How COVID-19 Can Do Damage To Your Gut Health

Gut health, or gut microbiome, is the bacteria that live in the esophagus, stomach, and intestines. Having a healthy gut means having various good bacteria — also called flora — in your digestive system. That can help prevent obesity, improve depression symptoms, and better the immune system, just to name a few, according to a 2013 study published in the Journal of Gastroenterology and Hepatology.

New studies have been done on how gut health can impact COVID-19 systems or how COVID-19 could be affecting gut health. There seems to be a link between older people and those with underlying medical conditions and severe COVID-19, according to a January 2021 review of studies published in mBio. So, if your gut isn't healthy, it could mean a poor immune system response in fighting COVID-19, leading to severe symptoms and hospitalization.

First thought to be a respiratory illness, experts now understand that this coronavirus affects the entire body from head to toe. That means that COVID-19 sometimes infects the gut's lining. This explains why some patients experience nausea, diarrhea, and vomiting with COVID-19, according to an August 2020 study.

What is cytokine storm syndrome?

While your immune system is meant to help fight infections, sometimes it causes "cytokine storm syndrome," a phenomenon where the immune system overreacts to COVID-19. Cytokine storm syndrome can damage gut health and make symptoms of COVID-19 worse. Doctors have seen this happen with other health conditions like the flu, sepsis, and pneumonia. Symptoms of this immune system overreaction with COVID-19 patients are shortness of breath, fever, and severe difficulty breathing, which must be treated with ventilation (via Health).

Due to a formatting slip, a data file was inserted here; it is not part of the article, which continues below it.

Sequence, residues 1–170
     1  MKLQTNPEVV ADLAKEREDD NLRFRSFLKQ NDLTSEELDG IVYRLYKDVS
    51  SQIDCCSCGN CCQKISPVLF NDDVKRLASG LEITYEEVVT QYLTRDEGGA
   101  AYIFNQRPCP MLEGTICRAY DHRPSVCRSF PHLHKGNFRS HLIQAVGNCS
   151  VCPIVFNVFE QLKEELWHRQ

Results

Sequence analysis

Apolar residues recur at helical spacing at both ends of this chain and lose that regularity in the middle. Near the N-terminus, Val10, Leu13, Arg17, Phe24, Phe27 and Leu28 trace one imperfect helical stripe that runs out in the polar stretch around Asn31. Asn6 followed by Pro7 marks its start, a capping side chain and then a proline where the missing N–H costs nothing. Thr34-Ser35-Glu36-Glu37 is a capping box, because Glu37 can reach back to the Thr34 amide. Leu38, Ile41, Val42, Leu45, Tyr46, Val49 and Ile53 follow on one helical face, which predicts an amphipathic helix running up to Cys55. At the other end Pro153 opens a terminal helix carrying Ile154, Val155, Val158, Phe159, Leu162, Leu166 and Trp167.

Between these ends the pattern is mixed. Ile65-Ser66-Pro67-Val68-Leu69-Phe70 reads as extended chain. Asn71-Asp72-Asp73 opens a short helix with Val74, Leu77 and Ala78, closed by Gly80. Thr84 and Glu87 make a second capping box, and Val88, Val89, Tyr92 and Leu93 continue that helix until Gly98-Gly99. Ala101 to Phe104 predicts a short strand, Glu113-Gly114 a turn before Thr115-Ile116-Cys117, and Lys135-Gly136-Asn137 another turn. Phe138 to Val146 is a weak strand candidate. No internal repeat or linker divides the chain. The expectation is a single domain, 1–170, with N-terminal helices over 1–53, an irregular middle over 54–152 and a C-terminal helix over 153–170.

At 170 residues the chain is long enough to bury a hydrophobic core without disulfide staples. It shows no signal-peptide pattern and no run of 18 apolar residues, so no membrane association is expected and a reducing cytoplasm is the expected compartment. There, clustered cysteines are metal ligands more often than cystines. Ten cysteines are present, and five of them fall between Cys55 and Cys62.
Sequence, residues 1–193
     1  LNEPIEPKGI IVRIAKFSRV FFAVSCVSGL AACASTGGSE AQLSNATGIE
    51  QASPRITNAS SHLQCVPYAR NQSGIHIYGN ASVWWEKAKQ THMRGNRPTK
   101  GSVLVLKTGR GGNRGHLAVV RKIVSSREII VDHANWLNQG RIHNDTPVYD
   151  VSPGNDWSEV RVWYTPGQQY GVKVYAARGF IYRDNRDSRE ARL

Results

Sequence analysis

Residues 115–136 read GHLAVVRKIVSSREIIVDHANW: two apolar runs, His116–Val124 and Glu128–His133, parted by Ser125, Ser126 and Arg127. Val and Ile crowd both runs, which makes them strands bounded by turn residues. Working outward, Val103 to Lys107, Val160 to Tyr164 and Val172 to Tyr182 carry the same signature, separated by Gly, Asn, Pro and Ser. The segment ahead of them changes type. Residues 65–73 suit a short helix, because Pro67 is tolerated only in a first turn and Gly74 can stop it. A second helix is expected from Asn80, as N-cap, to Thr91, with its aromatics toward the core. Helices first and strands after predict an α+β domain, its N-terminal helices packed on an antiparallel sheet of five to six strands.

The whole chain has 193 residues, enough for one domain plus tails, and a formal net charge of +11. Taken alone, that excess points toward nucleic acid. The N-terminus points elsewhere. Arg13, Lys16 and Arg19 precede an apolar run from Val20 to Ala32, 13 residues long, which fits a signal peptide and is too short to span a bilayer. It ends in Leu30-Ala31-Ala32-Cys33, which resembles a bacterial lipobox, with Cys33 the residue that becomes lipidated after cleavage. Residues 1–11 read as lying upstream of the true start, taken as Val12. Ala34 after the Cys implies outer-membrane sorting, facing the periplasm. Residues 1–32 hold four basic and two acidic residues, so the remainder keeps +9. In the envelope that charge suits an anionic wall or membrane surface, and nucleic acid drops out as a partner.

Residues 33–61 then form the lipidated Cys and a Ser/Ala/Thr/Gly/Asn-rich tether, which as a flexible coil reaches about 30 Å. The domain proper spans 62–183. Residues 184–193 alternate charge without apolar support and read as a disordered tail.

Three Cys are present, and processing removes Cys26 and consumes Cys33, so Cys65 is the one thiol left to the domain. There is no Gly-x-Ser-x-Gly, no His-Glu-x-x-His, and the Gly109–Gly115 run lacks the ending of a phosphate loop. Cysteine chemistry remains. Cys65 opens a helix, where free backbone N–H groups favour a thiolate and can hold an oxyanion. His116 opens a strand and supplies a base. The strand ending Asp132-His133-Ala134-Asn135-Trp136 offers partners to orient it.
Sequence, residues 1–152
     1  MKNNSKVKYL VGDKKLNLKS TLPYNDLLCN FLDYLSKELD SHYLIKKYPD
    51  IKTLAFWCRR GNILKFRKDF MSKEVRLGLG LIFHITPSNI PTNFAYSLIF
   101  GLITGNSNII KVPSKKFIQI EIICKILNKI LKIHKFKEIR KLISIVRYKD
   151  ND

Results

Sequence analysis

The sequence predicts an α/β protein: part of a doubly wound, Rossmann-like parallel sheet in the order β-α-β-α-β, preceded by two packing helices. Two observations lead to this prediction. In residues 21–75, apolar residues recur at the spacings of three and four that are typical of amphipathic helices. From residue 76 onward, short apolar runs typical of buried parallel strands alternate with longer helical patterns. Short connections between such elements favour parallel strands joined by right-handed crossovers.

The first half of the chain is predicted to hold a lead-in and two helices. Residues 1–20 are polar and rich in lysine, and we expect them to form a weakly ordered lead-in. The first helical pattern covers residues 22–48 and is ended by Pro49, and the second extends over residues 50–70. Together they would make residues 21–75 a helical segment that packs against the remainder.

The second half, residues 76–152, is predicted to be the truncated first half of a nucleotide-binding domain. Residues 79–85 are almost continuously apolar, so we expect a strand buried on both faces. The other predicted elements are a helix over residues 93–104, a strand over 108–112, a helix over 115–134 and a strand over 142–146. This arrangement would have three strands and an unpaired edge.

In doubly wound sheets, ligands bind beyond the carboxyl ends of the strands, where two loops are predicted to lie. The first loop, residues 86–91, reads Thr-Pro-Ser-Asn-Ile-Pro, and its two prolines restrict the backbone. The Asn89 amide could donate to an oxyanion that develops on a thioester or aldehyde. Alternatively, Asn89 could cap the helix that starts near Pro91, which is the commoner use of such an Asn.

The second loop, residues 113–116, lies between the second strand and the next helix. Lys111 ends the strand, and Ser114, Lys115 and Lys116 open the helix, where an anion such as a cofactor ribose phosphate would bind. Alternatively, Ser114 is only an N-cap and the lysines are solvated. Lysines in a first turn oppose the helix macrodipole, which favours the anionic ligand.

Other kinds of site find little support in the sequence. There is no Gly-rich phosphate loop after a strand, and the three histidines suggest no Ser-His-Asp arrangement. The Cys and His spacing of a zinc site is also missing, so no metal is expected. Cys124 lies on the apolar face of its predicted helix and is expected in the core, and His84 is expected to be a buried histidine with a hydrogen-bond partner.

More research and studies are needed to determine when someone has cytokine storm syndrome with COVID-19 and how it can be treated. If researchers can figure that out, doctors could run a test to see if a patient is experiencing cytokine storm syndrome and then treat it. 

But it's clear that it works both ways — getting a severe case of COVID-19 can negatively impact your gut health, and having poor gut health can make you more susceptible to experiencing severe COVID-19 symptoms. One step you can take to help prevent this from happening is by improving your gut health. 

How to improve your gut health

In a November 2020 study published in Gut, researchers looked at how gut health, at the time of COVID-19 infection, can affect how severe the symptoms become. So, how can you keep your gut health healthy?

Eat a range of good whole foods like fruits, vegetables, whole grains, beans, seeds, and nuts. Limit or avoid processed foods, fried foods, and foods with added sugar or sweetener (via Healthline and AARP). 

Add fermented foods to your diet — kimchi, kefir, sauerkraut, miso, kombucha, tempeh, and fermented or pickled vegetables, which have probiotics. A 2013 study found that probiotics can help restore good gut health. Yogurt also contains probiotics, but stick with plain, natural yogurt, not sweetened or flavored. 

Don't forget about prebiotics. Prebiotics work with probiotics to create a good balance of bacteria in your gut. They can be found in green vegetables, bananas, asparagus, artichokes, tomatoes, legumes, oats, onions, garlic, berries, wheat, barley, and linseed (via a 2017 study in Nutrients).

Hopefully, you don't get COVID-19, but you might be able to reduce severe symptoms with a healthy gut. Eat a variety of healthy foods to improve and maintain good gut health.